BOSTON (State House News Service) — Massachusetts casinos have been allowed to fully reopen but neither one has yet reintroduced poker, and now both players and gaming regulators are looking for answers.
Bruce Band, the assistant director of the commission's Investigations and Enforcement Bureau, told commissioners Thursday that complaints about the absence of legal poker in Massachusetts "have increased tenfold in the last two weeks."
"Basically people [are] saying if the properties aren't going to offer poker, we should establish poker parlors, which we explained the statute doesn't allow for," he said.
Poker was prohibited when the Gaming Commission first allowed Encore Boston Harbor and MGM Springfield to reopen last summer and neither casino asked the commission to allow the game, as they did successfully with craps and roulette. Now that the commission's restrictions are gone, neither Encore nor MGM Springfield has committed to bring back poker.
The casinos said poker would not have been profitable for them with only four players allowed at a table under the commission's rules. But with the commission's limit on the number of players at a table lifted, officials from each facility said in May that they would announce a decision on whether to bring poker back by the end of 2021.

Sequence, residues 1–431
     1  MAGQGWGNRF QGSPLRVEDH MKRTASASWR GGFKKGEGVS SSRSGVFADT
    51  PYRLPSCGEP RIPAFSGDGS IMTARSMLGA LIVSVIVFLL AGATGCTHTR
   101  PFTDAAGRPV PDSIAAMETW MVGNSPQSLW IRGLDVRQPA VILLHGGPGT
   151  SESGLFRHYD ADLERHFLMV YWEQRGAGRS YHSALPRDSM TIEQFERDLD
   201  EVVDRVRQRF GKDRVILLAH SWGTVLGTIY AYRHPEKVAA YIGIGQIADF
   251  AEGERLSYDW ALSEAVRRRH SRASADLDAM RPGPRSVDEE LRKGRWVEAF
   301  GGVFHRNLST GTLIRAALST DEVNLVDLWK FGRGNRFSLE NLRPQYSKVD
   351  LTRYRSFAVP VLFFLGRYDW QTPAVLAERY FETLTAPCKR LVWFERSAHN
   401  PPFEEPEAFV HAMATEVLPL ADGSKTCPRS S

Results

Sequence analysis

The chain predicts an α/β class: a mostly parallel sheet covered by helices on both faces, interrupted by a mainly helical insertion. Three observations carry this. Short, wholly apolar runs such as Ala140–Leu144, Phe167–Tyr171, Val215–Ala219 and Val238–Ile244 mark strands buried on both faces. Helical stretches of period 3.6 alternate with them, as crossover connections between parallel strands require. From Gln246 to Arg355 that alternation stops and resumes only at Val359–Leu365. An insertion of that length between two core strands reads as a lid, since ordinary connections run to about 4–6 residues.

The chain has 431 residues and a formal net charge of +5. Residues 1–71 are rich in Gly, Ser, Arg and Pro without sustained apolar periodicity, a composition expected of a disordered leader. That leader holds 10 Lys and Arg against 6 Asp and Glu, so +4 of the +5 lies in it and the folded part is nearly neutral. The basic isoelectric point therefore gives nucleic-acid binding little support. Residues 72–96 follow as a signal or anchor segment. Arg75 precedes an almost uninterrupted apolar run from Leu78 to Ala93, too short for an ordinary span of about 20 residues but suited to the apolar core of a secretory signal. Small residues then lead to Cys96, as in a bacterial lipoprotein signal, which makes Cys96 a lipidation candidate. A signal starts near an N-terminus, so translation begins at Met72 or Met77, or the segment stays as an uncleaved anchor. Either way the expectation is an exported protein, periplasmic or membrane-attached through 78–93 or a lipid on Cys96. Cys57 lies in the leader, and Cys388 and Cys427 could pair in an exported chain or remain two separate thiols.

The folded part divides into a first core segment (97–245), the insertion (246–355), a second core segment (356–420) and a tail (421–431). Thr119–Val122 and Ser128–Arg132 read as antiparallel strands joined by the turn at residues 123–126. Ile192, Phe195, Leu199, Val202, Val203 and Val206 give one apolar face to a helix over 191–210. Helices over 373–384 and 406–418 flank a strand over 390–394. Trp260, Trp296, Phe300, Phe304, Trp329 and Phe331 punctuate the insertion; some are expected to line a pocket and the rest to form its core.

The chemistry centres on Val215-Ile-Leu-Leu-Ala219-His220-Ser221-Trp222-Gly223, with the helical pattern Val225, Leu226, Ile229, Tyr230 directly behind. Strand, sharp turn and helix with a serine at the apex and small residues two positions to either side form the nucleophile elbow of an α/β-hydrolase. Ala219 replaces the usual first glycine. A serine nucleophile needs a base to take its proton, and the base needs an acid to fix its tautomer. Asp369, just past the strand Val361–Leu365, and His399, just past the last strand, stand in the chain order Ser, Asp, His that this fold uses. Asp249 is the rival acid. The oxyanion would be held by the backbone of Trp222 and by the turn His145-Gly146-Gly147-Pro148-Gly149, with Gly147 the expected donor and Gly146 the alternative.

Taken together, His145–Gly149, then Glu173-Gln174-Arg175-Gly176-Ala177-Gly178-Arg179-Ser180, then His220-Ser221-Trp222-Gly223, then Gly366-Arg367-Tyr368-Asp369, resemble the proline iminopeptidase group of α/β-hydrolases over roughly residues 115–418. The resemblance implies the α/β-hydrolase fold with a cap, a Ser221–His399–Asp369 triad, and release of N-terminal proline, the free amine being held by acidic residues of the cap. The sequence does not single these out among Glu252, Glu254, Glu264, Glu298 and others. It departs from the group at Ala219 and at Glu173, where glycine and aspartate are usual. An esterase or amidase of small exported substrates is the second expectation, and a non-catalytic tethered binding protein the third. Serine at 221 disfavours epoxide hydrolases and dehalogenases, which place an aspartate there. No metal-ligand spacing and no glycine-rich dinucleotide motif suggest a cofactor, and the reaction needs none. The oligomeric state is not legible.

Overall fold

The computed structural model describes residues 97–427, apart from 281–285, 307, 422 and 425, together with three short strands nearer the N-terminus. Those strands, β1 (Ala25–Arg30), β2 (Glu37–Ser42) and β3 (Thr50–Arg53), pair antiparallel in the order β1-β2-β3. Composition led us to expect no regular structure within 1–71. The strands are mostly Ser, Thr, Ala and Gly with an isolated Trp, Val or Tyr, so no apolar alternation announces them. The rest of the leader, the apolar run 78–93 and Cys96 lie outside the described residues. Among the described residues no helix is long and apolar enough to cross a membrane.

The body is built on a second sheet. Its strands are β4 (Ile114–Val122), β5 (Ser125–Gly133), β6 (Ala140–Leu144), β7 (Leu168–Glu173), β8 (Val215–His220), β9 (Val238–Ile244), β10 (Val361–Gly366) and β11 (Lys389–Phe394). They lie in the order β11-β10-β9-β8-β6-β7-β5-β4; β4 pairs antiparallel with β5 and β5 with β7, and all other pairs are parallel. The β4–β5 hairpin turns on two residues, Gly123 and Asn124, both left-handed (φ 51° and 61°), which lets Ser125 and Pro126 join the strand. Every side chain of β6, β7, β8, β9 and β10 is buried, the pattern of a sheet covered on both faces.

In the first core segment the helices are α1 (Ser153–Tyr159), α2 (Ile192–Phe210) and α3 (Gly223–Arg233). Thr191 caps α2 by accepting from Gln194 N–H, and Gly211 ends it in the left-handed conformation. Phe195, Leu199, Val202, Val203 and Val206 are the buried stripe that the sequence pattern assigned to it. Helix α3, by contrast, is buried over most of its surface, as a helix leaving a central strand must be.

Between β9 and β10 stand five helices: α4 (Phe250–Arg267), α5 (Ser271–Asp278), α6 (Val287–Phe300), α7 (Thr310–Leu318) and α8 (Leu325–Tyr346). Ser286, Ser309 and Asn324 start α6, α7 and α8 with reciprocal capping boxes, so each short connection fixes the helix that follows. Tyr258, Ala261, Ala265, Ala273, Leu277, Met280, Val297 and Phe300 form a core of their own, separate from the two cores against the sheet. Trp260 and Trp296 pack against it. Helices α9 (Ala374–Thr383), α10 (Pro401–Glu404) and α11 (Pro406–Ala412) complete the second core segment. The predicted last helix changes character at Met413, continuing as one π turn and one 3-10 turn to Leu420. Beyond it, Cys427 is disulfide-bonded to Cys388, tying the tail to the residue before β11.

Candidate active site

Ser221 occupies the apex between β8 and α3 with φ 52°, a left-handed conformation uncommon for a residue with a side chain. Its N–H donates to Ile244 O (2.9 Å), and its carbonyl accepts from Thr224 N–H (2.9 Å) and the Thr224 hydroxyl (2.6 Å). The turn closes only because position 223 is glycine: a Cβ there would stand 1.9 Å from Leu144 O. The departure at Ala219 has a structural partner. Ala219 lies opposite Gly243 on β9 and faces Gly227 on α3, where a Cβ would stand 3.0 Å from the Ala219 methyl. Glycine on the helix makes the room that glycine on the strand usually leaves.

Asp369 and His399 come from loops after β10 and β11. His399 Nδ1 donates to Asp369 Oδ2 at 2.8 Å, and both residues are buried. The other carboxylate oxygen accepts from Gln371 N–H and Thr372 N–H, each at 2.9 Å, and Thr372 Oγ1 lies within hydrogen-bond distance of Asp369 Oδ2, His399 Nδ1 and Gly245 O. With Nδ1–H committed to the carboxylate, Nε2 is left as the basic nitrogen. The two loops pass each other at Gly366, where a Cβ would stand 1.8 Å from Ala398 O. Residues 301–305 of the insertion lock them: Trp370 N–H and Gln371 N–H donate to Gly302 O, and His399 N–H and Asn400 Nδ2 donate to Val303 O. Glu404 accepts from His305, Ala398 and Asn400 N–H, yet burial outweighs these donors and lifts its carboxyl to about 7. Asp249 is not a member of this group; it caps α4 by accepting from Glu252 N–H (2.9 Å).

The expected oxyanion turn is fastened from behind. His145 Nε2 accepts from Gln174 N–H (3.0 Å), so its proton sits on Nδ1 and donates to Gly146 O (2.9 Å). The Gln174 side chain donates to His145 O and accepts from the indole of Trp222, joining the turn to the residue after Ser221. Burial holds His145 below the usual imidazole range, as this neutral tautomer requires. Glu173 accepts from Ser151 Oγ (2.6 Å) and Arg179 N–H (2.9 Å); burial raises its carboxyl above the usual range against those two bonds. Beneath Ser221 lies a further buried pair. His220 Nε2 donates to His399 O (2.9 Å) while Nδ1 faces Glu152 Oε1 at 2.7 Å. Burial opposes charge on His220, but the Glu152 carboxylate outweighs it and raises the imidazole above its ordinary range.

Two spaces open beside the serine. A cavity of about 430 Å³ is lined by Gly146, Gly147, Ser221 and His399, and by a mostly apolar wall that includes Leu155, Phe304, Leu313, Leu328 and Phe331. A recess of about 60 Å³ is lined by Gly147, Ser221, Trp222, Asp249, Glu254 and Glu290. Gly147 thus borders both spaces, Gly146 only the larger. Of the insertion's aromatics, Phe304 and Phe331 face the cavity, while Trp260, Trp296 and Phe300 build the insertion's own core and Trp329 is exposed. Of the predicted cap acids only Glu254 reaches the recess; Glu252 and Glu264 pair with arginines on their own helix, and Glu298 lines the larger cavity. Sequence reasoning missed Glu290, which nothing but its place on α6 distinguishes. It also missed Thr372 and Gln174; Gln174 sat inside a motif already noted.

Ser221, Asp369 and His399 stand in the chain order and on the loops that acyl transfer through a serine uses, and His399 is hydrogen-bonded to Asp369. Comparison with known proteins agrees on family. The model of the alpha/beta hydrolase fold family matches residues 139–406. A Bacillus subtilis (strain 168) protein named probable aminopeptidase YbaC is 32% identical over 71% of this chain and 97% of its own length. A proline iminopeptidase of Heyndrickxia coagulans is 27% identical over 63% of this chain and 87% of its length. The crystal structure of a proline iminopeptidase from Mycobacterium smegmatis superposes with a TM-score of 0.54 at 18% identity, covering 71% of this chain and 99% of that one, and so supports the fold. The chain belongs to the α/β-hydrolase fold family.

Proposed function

"We probably should pursue a few questions down the road, so stay tuned," Gaming Commission Chairwoman Cathy Judd-Stein said Thursday, adding that she had asked the commission's legal department to look into the issue as well.
Commissioner Enrique Zuniga agreed and said the rationale for not offering poker is "something that we might want to hear in more detail at a future meeting from the licensees."
"I would be very curious to see what they have to say," he said. "Clearly, if the public is asking for it and that was something that was initially promised as an option, I think that's worth inquiring."
Band offered one possible reason for the decision to hold off on deciding the future of poker until the end of this year.
"I think both of them are actually waiting to see what happens with sports betting," he said. "And with space and gaming kind of forging ahead, it's kind of a wait-and-see for both properties, I believe."
By Colin A. Young, State House News Service